Figure - 5 Note the hand-enhanced cylinder scene and the full serial number of the Tyler revolver. (Photo courtesy James D. Julia, Auctioneers)
After searching for several years, including collecting data on several thousand revolvers, I finally found two sets of two revolvers that shared a serial number. The first pair is in the 3000 serial number range but I was unable to personally examine the pistols or obtain photos of their serial numbers to assess their originality. One of these revolvers has an eight inch barrel while the other has a seven and a half inch barrel, which matches the shipping records. The second pair is in the 5000 serial number range and, again, I could not get photos of this pair to illustrate the phenomena in this article. I personally examined one of the second
Figure - 6 Another special feature of the Tyler presentation pistol is the beautifully executed checkering of the hammer spur. (Photo courtesy James D. Julia, Auctioneers)
set of revolvers at a gun show and at the time didn’t know it had a duplicated serial number. It is a standard revolver shipped to the U.S. Army in the Ordnance Department’s first purchase of Model 1860 revolvers and is, in my opinion, in original condition. Collector
Figure -7 Gen Robert O Tyler, seated in the center, and his staff while he was in command of the Army of the Potomac Artillery Reserve. (Library of Congress, image 04010u)
Stan Middleton provided low resolution photos of the other, an engraved revolver with a fluted cylinder and ivory stock, and those photos were, again in my opinion, adequate to determine that the pistol was original. I was more fortunate with the pair illustrated here, both numbered 111585.
In looking for existing pistols on the Internet I visited dealer Leroy Merz’s website a few months ago and noted the first of the pistols shown here. When checking my database of surviving examples, I was happy to find that I already had the number recorded and, in fact, I had looked up the number at the factory, for the Merz pistol shares a serial number with a fairly well-known partner. The shipping records say that number 111585 was shipped to the U.S. Army’s New York Arsenal on April 18, 1863 and the information is appropriate for the Merz revolver. I haven’t found any additional information on what happened to the Merz revolver after its delivery, but, happily, we know more about the second revolver for its back strap is inscribed “Brig. Genl. R. O. Tyler'' over “From Colt's P.F.A. Mfg. Co.” In addition to its inscription this revolver has other special features, including a high polish finish and select stock, a checkered lever and hand-cut hammer spur, a border around the patent date mark on the cylinder, a hand-enhanced cylinder scene, and all 6 digits of the serial number are included on the cylinder instead of the usual last four digits. The company probably presented this revolver to Tyler in late-1863 but I could not find it in any of the Colt shipping or financial records.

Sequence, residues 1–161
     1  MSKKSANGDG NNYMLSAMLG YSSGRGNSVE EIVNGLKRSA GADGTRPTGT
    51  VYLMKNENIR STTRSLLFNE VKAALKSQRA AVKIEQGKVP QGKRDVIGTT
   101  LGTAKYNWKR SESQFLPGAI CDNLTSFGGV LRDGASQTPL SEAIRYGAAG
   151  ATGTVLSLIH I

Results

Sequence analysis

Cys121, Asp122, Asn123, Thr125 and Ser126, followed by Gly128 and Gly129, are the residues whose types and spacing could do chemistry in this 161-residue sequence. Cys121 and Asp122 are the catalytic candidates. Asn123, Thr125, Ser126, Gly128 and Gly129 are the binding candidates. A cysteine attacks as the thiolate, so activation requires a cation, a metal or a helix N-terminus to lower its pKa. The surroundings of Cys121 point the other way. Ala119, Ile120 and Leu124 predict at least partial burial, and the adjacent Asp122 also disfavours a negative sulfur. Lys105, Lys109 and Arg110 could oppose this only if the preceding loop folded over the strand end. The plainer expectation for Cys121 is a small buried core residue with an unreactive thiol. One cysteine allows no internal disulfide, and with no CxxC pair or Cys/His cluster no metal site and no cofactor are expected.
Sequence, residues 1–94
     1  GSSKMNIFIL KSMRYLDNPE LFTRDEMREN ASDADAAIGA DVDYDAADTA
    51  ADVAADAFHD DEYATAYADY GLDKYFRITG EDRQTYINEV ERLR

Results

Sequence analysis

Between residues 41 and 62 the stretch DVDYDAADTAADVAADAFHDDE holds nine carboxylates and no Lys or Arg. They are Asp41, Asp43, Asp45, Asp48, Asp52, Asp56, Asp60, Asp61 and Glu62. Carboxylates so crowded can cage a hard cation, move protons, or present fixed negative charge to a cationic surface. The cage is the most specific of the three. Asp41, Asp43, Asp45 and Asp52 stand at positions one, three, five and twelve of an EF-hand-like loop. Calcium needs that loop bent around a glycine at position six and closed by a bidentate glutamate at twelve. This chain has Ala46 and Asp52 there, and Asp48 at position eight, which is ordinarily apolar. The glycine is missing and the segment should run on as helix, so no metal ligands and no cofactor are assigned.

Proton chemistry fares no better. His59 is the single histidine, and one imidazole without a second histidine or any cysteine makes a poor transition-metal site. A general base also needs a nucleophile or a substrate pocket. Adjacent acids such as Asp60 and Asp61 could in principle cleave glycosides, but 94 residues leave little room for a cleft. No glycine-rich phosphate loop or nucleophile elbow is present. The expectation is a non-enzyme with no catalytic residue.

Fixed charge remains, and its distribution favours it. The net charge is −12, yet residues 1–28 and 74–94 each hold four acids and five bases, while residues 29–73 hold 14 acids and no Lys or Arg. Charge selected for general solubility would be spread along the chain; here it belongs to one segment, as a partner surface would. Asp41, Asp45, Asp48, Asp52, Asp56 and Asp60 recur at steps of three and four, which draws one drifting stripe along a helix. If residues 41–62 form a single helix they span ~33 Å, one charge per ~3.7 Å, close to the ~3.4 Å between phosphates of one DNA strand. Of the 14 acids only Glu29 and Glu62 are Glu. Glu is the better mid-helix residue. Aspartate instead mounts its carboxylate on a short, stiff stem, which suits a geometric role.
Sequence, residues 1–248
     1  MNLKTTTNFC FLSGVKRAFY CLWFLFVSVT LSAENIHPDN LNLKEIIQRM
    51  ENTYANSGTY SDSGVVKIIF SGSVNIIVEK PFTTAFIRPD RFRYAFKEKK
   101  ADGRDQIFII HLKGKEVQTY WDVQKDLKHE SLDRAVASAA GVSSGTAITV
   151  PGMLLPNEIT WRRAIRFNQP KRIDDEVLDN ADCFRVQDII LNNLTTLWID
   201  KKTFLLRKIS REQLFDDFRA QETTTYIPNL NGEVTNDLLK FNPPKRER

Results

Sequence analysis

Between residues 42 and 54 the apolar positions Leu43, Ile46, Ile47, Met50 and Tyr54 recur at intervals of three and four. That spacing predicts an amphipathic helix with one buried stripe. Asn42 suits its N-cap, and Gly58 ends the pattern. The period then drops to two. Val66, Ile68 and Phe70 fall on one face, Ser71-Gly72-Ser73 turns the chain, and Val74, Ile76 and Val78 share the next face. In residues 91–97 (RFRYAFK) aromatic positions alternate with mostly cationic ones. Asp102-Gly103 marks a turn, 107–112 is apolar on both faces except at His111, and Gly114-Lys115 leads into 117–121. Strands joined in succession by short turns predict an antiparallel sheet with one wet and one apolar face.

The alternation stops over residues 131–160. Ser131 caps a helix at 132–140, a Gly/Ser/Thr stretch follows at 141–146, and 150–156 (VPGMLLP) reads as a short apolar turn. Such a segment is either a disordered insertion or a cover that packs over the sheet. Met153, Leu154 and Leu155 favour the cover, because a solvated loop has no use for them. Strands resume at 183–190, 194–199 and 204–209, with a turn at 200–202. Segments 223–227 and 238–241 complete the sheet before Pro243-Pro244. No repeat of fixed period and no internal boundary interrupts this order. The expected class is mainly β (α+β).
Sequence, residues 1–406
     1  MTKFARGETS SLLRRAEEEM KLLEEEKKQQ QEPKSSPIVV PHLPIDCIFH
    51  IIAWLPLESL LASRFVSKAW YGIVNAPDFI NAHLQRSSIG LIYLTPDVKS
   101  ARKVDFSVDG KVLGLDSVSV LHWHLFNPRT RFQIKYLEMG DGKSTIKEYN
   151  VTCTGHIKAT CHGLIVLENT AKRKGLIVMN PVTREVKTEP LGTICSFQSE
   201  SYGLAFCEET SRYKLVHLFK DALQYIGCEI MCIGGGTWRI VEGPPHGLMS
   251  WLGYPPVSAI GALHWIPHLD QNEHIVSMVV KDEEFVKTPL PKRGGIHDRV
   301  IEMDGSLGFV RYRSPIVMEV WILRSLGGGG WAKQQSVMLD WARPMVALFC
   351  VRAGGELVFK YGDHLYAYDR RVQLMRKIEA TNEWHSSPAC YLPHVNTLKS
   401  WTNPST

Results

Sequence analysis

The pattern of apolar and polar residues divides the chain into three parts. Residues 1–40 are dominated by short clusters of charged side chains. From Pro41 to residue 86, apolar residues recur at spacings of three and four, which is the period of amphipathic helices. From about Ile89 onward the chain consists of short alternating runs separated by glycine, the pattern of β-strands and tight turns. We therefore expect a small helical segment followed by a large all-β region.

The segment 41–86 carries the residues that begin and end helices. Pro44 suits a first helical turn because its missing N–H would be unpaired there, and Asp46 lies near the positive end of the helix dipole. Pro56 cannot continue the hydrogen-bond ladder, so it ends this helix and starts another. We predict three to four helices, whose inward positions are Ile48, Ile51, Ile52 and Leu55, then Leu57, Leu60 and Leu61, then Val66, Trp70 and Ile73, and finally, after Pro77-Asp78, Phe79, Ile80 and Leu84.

Robert Ogdan Tyler was an 1853 graduate of West Point who apparently had Connecticut connections. He was only a 1st Lieutenant in the Regular Army when he was appointed as Colonel of the 4th Connecticut Volunteer Infantry in August 1861. In November of the next year he was promoted to brigadier general of Volunteers and subsequently held command positions at the brigade and division level. At the end of the war he was given a brevet to major general of Volunteers for gallantry at the battle of Colt Harbor, at which battle he was wounded. Tyler died at the young age of 42 and was buried in the Cedar Hill Cemetery in Hartford.
Figure -8 A close-up of Brig, Gen. Tyler taken in 1864. (Library of Congress, image 04855u)
While the twelve Model 1860 revolvers mentioned above are all special in some way, the Colt records also include duplicated serial numbers where both revolvers were of the standard configuration. By the time I had finished my review of the shipping records I had noted a few standard Model 1860 entries that had “duplicate” written over the serial number. But in my last trip to the factory I also had a little time to look at Model 1851 records and noted the most impressive examples of duplicated serial numbers that I’ve seen. Page 295 of Book One, which covers 1861 shipments, has five duplicated Navy model serial numbers in the same box of 50 revolvers. That box also has four other numbers that are duplicated in another box in the same shipment. Even more surprising, page 72 of Book Two, which covers 1862, has eleven duplicated numbers in the same box of 50 Navy revolvers. In both of these cases the shipping clerk wrote a small “o” over the second instance of each duplicated number. So any Colt collector who likes serial number oddities certainly has a new field to explore, for there clearly are some pairs of revolvers sharing serial numbers out there waiting to be found.
I’d like to thank Leroy Merz and Rick Ruen for their photos of the standard version of number 111585 and James D. Julia, Auctioneers, for the photos of Gen. Tyler’s pistol.